Karen LeGault ~Fine Art Blog

November 7, 2013

Working with Pen and Ink

Filed under: Floral/Botanical,Uncategorized — by Karen LeGault @ 19:01
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http://www.karenlegault.com

by Karen LeGault

In my high school art classes everyone had a chance to work with pen and ink. In those days we used the crow quill pens that you would dip into a jar of ink to draw with. Inevitably there were always blobs from the nib that drop here and there, or smudges from a hand as the quill moved across the paper dragging a splotch from a blob.

A few years later a friend encouraged me to work with a rapidograph pen, a technical pen with a vulnerable filament of a needle that had a chance of bending if you took it apart to clean it. The beauty of using the pen lies in its perfect lines and permanent ink, non-soluble ink.

Fortunately rapidograph pens evolved and the vulnerable needles are now encased in a cartridge barrel that protects it from the user. The cartridges can be replaced when they wear out.

The drawback of these technical pens is that the ink that is formulated to be used in these pens may dry between uses, causing the needle to stick in the cartridge, requiring a thorough soaking with water and a dissolving agent to free up its movement and release of ink. There has been more than a few times when I soaked a pen cartridge for a few days in a solution of ammonia and water to get it to loosen up.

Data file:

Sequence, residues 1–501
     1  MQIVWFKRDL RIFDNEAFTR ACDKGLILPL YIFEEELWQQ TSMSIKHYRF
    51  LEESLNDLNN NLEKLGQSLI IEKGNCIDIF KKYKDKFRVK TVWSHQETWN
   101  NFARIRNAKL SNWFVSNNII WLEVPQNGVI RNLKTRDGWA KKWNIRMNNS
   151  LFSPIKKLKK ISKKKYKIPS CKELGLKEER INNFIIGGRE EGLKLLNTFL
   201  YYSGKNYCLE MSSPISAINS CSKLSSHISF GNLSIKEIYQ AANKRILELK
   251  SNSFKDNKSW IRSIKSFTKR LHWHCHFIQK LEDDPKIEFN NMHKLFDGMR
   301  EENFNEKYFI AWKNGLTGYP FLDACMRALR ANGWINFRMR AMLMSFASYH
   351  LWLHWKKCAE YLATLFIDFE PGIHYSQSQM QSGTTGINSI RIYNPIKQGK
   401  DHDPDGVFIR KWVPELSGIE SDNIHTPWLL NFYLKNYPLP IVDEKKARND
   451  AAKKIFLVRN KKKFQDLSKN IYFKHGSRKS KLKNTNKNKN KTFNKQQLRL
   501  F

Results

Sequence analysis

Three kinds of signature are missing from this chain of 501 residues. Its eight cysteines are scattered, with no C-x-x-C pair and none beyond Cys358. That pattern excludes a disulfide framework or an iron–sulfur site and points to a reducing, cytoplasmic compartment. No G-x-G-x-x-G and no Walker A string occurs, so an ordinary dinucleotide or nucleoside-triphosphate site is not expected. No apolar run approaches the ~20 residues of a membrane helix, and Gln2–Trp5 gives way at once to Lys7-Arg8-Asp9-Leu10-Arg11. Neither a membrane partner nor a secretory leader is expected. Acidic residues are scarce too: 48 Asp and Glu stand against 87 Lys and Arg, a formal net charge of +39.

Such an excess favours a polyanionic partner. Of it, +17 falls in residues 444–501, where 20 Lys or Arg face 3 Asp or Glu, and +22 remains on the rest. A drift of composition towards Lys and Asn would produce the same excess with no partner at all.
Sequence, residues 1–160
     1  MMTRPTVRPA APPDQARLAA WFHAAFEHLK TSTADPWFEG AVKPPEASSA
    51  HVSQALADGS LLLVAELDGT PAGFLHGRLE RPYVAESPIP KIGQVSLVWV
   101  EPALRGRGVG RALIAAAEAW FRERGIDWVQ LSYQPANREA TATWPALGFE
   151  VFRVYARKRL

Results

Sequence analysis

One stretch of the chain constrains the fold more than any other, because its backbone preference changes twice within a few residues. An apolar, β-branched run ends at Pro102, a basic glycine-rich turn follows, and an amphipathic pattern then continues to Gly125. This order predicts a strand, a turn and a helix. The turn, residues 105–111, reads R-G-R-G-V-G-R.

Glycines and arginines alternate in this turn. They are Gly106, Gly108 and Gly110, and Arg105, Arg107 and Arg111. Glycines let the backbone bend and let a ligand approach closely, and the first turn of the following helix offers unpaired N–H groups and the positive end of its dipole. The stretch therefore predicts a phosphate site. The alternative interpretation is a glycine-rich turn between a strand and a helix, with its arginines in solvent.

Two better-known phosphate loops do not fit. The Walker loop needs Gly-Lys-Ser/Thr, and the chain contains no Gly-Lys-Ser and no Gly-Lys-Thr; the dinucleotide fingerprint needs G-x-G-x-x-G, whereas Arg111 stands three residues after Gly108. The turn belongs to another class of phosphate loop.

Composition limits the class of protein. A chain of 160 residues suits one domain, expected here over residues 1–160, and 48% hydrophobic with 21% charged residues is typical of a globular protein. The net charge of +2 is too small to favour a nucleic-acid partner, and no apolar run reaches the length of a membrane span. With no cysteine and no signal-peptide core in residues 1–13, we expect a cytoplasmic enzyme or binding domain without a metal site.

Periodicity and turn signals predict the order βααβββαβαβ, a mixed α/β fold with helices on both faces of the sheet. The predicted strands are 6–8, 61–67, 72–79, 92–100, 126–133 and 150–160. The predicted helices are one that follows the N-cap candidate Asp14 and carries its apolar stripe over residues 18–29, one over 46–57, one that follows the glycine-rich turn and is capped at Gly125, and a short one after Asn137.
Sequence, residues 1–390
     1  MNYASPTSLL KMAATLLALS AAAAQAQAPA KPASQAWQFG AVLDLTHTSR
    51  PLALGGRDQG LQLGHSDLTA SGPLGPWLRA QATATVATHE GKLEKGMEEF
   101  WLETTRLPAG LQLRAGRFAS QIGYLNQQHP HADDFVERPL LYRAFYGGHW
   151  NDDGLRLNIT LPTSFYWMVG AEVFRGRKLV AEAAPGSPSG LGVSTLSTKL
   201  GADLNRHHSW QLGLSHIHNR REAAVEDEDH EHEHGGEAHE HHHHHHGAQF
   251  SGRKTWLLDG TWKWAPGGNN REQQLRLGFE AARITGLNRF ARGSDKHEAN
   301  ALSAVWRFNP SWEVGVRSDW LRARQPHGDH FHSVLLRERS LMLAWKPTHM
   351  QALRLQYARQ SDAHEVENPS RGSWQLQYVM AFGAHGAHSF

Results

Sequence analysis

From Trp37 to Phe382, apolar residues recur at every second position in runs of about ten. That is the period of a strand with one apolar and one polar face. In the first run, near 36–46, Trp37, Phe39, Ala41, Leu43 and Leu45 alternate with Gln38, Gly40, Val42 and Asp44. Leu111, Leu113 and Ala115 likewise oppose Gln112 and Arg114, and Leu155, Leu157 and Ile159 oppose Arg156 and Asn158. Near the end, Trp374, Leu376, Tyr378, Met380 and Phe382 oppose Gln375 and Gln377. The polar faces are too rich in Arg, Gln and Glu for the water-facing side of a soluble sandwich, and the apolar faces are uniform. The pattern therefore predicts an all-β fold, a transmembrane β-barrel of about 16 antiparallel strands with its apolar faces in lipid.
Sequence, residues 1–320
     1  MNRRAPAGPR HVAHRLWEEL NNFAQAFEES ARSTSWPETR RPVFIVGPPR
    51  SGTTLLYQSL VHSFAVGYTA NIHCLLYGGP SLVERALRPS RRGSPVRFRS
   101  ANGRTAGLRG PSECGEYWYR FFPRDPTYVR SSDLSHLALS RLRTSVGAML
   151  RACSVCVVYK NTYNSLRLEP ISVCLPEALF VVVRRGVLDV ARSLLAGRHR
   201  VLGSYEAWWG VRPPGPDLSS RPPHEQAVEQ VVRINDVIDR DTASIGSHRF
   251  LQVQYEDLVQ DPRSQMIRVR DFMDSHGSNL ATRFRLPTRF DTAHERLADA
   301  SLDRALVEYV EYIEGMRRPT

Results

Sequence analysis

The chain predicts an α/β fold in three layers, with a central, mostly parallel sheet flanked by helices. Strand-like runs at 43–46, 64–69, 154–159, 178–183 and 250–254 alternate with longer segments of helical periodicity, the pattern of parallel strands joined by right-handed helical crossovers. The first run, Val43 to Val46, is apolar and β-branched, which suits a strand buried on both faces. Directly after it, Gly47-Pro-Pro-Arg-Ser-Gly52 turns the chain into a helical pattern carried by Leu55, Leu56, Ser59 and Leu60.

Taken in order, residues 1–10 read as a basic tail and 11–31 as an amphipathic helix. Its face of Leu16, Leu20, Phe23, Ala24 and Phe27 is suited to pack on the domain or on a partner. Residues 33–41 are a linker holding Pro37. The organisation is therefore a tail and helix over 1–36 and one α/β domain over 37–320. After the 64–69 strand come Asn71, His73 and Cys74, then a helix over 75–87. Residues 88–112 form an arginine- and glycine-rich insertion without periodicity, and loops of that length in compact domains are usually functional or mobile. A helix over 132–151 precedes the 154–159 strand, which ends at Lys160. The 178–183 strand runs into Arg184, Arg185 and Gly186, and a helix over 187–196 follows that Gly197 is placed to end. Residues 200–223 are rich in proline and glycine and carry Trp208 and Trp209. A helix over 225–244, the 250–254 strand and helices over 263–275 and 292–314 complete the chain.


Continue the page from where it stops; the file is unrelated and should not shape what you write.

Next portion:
In Today’s Art Stores there are numerous disposable technical pens, drawing pens that do not have the problem of drying ink. Line work looks pretty good, though nothing really beats the clean line of ink released from a metal nib in a barrel such as a Rapidograph.

When I first started drawing plants in pen and ink, I drew them using the cross hatch style that grew out of the printing industries need to receive image images that separated the ink on their plates enough so that ink wouldn’t look blotchy and build up on the printing plates too thickly after repeated printings. Using cross hatching you can indicate the shading and subtle changes of plane that plants have a lot of. Think of the drawing of Durer for example.

As I grew dissatisfied with the mechanical look of cross hatching and began to aim for a more free and fluid look I began to draw without the cross hatching and to use instead scribbles and dots to help see the shifts in plane.

I spent several years drawing almost exclusively with a pen when I had time, refining my ability to record “place in space”, passing many hours at the UC Berkeley Botanical Garden “interviewing” single plants and filling my notebooks with our meetings.

Drawing with the limitations of a pen, which has a singular sort of line, eventually segued into applying everything I had learned into the multi-dimensionality of the bamboo brush used in Oriental Brush Painting.

Image

I found that a pen and ink “study” would increase my understanding of the forms within a subject rapidly so that executing the same with a brush was more successful.

Above is an example circa 1986 of a pen and ink drawing that I added watercolor to.

┬ęKaren LeGault

http://www.karenlegault.com

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